A comment yesterday posted by an anonymous reader of this blog makes a very important point. With the release of the investigation report on the F-22 crash on March 25, we now know The Washington Post's highly critical F-22 article contained a major factual error. As The DEW Line highlighted then, TWP Staff Writer R. Jeffrey Smith ended the article with two tantalizing paragraphs about the fatal crash:
The Air Force has declined to discuss the cause, but a classified internal accident report completed the following month states that the plane flew into the ground after poorly executing a high-speed run with its weapons-bay doors open, according to three government officials familiar with its contents. The Lockheed test pilot died.We know now that each one of Smith's "several sources" was wrong. Dead wrong. And they either did not know the real details about the F-22 flight test on March 25, or they were unaware of the most basic information about the F-22's weapons.
Several sources said the flight was part of a bid to make the F-22 relevant to current conflicts by giving it a capability to conduct precision bombing raids, not just aerial dogfights. The Air Force is still probing who should be held accountable for the accident.
The anonymous commenter, who identified himself as Buzz, wrote:
Now go back to the Washington Post article from 10 July, which stated: "Several sources said the flight was part of a bid to make the F-22 relevant to current conflicts by giving it a capability to conduct precision bombing raids, not just aerial dogfights." The open weapons bay door cited in the report was the side bay, meaning an AIM-9 test. So Smith's sources obviously weren't close to the program, and the snark encompassed in "bid to make the F-22 relevant" was unfounded. Makes you question the validity of anything he got from his not-so-well-informed, unnamed sources...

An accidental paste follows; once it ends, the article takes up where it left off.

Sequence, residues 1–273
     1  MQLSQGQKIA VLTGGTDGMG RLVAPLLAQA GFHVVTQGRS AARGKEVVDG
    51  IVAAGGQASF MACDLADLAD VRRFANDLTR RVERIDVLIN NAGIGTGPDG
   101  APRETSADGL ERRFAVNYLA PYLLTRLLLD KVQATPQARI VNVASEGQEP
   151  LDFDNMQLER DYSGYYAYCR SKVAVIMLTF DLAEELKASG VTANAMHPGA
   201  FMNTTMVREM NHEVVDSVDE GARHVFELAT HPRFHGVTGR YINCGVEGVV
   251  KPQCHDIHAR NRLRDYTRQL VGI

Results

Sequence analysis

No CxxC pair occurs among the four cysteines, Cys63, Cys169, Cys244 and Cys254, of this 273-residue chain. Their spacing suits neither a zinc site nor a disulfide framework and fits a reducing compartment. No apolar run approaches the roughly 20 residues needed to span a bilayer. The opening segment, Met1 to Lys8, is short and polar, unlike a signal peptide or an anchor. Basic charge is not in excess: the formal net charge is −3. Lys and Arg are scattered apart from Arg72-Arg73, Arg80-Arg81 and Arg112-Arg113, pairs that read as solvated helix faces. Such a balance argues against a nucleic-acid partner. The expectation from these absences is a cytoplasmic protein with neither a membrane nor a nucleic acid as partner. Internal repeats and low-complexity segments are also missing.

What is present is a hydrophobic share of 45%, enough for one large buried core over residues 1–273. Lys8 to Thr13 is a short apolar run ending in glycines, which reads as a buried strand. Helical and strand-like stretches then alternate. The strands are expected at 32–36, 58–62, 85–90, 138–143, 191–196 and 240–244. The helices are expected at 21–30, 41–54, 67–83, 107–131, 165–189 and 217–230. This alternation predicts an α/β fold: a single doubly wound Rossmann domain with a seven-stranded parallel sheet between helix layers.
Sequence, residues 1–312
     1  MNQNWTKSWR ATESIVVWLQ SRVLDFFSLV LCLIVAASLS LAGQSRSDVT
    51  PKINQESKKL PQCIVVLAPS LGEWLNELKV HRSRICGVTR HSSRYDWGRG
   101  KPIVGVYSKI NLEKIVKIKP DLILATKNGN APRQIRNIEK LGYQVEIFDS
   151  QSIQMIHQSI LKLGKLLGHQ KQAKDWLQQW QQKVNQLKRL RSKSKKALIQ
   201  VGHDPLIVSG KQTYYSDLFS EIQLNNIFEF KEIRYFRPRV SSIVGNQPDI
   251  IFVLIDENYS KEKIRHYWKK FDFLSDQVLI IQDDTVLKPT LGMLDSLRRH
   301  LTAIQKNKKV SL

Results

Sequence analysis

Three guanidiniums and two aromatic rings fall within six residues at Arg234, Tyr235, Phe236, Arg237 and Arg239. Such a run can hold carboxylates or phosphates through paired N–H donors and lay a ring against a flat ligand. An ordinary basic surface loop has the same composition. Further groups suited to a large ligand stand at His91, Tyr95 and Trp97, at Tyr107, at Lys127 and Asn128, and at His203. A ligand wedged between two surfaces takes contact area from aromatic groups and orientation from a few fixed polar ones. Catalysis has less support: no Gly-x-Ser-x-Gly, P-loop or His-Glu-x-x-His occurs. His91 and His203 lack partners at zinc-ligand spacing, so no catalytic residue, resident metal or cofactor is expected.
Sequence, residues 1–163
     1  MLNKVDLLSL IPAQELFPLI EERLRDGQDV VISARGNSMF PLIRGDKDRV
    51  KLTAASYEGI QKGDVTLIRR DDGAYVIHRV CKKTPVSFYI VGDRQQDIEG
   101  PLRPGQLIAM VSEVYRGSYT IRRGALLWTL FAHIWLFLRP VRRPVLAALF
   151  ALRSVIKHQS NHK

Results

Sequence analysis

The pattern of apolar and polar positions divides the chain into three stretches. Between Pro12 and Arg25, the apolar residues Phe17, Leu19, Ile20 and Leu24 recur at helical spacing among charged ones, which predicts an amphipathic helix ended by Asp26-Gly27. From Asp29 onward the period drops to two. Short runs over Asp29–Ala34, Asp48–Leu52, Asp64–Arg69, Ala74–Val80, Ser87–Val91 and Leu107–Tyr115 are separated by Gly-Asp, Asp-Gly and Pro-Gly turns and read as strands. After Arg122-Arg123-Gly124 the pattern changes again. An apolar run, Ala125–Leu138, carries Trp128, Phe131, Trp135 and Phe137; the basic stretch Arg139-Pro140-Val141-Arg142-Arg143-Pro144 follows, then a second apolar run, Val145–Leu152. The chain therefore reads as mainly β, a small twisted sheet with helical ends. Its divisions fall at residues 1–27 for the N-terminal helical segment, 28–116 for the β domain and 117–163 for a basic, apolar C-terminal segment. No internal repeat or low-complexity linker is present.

Buzz is absolutely correct. The F-22 has four weapons bays. There are two central bays that carry either AIM-120s, JDAMS, or Small Diameter Bombs. There are also two side weapons bays that only carry AIM-9s. The investigation report does not explain which weapon was being tested on March 25, but we can safely infer that it had nothing to do with making the F-22 more relevant in current operations. Moreover, the report does not link the open weapons bay door to the cause of the crash.
More likely, the F-22 crashed during a high-g release test for the Raytheon AIM-9X, which is being integrated on the F-22 as part of the Increment 3.2 upgrade.